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Abortion Laws

Kansas State Facts About Abortion According to the Guttmacher Institute:

National Background and Context

Each year, a broad cross section of U.S. women obtain abortions. As of 2014, some 60% of women having abortions were in their 20s; 59% had one or more children; 86% were unmarried; 75% were economically disadvantaged; and 62% reported a religious affiliation.[1] No racial or ethnic group made up a majority: Some 39% of women obtaining abortions were white, 28% were black, 25% were Hispanic and 9% were of other racial or ethnic backgrounds.[1]

Contraceptive use is a key predictor of whether a woman will have an abortion. In 2011, the very small group of American women who were at risk of experiencing an unintended pregnancy but were not using contraceptives accounted for the majority of abortions.[2] Many of these women did not think they would get pregnant or had concerns about contraceptive methods.[2] A minority of abortions occured among the much larger group of women who were using contraceptives in the month they became pregnant. Many women who fall into this category have reported difficulty using contraceptives consistently.[3]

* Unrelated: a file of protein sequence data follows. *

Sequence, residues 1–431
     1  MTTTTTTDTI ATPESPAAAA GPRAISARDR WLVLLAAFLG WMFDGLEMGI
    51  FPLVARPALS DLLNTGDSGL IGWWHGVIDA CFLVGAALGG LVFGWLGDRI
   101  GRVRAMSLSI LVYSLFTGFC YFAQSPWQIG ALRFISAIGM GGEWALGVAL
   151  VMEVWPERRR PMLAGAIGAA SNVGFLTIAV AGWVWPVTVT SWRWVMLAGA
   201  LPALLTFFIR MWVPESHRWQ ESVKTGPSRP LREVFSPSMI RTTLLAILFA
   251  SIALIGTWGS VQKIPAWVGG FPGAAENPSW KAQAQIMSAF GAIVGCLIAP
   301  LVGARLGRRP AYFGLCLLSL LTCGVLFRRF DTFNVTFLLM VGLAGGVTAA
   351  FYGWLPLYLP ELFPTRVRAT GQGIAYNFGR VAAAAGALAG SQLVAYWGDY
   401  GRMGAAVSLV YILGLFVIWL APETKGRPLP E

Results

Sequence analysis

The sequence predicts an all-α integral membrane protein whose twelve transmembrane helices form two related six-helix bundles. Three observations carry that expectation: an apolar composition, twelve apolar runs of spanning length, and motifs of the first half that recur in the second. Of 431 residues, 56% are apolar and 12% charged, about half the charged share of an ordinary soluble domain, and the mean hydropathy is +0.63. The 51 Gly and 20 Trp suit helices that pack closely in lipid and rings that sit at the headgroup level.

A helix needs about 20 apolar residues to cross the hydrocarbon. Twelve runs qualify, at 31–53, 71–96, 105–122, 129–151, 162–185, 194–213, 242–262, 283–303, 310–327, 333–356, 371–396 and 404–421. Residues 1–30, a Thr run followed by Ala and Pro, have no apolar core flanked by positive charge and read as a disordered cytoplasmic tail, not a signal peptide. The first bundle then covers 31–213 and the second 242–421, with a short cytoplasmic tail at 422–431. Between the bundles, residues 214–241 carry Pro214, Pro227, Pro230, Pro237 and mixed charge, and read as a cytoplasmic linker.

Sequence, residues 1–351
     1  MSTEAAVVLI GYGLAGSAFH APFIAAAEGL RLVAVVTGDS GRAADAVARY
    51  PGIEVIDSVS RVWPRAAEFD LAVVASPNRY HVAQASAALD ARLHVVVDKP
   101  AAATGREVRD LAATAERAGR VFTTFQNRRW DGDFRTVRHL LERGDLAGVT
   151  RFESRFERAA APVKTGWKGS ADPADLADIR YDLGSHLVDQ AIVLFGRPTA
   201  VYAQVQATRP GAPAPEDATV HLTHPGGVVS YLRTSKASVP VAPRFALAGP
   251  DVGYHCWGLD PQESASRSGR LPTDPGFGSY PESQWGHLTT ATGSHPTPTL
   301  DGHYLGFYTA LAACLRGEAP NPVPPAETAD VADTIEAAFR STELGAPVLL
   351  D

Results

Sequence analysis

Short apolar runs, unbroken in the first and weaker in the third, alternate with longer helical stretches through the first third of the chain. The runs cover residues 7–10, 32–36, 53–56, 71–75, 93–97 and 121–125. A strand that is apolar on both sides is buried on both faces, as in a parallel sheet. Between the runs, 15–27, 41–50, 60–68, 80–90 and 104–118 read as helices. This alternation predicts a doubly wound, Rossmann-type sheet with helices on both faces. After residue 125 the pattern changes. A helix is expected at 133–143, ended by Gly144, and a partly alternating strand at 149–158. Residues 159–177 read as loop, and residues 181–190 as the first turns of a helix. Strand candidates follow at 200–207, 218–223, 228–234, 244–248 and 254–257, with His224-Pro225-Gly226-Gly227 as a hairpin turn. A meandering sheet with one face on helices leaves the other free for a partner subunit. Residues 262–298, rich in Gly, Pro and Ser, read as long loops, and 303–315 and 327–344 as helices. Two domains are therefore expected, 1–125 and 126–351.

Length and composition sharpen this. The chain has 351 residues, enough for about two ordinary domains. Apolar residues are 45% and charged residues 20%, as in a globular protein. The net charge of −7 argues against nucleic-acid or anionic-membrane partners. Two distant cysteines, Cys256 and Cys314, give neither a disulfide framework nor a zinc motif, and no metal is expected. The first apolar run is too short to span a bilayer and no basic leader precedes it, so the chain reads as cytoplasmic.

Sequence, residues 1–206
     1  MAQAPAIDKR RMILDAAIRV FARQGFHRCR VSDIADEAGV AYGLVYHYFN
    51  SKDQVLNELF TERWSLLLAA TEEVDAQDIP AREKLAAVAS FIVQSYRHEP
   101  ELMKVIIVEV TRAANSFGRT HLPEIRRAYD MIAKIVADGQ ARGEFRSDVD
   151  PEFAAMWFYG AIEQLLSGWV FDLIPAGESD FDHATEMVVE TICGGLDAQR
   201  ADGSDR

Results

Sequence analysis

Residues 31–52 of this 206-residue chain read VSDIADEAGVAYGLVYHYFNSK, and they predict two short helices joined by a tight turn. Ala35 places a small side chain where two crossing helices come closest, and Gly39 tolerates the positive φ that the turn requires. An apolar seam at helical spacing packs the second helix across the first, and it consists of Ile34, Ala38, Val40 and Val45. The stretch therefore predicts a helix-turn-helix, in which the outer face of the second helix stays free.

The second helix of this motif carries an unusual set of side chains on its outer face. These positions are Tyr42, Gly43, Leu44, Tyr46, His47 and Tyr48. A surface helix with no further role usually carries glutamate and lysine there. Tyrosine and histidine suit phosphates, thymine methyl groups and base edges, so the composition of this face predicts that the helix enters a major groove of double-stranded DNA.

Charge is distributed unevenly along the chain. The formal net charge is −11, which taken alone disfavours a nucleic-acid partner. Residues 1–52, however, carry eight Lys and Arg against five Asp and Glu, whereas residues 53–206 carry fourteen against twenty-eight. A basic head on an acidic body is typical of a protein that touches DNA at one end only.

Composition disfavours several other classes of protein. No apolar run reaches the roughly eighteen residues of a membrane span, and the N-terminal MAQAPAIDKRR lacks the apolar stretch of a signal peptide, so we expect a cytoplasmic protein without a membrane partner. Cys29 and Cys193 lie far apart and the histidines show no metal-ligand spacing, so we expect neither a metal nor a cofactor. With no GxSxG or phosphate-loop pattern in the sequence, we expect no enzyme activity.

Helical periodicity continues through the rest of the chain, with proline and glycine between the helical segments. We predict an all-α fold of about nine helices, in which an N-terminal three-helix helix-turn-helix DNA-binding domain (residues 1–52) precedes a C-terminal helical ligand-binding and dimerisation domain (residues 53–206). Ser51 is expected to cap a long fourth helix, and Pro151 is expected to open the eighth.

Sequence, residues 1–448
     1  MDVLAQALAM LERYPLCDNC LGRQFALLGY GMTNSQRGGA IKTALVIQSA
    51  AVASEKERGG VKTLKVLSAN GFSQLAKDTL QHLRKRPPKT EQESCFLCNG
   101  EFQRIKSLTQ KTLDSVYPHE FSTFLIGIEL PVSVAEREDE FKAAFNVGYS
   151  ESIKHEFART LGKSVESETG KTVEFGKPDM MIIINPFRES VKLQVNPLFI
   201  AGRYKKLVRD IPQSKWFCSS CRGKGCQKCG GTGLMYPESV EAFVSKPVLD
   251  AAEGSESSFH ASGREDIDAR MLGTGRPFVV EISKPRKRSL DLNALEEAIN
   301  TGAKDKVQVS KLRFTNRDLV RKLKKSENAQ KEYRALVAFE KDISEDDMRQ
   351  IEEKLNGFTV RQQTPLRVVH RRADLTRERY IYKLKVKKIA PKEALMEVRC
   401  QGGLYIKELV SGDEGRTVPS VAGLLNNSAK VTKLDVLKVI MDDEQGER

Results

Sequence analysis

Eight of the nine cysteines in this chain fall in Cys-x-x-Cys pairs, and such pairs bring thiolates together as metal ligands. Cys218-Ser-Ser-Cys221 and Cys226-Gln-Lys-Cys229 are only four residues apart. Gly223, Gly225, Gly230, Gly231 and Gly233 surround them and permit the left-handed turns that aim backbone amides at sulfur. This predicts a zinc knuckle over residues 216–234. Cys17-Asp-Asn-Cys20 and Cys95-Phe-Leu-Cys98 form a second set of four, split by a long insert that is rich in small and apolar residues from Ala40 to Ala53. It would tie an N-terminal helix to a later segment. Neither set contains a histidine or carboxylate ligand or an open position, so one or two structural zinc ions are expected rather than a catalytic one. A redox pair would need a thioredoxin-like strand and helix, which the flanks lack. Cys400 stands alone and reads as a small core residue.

Since 2010, the U.S. abortion landscape has grown increasingly restrictive. Between 2010 and 2016, states enacted 338 new abortion restrictions, which account for nearly 30% of the 1,142 abortion restrictions enacted by states since the 1973 Supreme Court decision in Roe v. Wade.

Pregnancies and Their Outcomes

  • In 2011, the 63 million U.S. women of reproductive age (15–44) had six million pregnancies. Sixty-seven percent of these pregnancies resulted in live births and 18% in abortions; the remaining 15% ended in miscarriage.[6]
  • Approximately 926,200 abortions occurred in the United States in 2014. The resulting abortion rate of 14.6 abortions per 1,000 women of reproductive age represents a 14% decrease from the 2011 rate of 16.9 per 1,000 women.[7]
  • In 2014, some 7,240 abortions were provided in Kansas, though not all abortions that occurred in Kansas were provided to state residents, as some patients may have traveled from other states; likewise, some individuals from Kansas may have traveled to another state for an abortion. There was a 4% increase in the abortion rate in Kansas between 2011 and 2014, from 12.5 to 12.9 abortions per 1,000 women of reproductive age. Abortions in Kansas represent 0.8% of all abortions in the United States.[7]

Where Women Obtain Abortions

  • In 2014, there were 1,671 facilities providing abortion in the United States, representing a 3% decrease from the 1,720 facilities in 2011. Sixteen percent of facilities in 2014 were abortion clinics (i.e., clinics where more than half of all patient visits were for abortion), 31% were nonspecialized clinics, 38% were hospitals and 15% were private physicians' offices. Fifty-nine percent of all abortions were provided at abortion clinics, 36% at nonspecialized clinics, 4% at hospitals and 1% at physicians' offices.[7]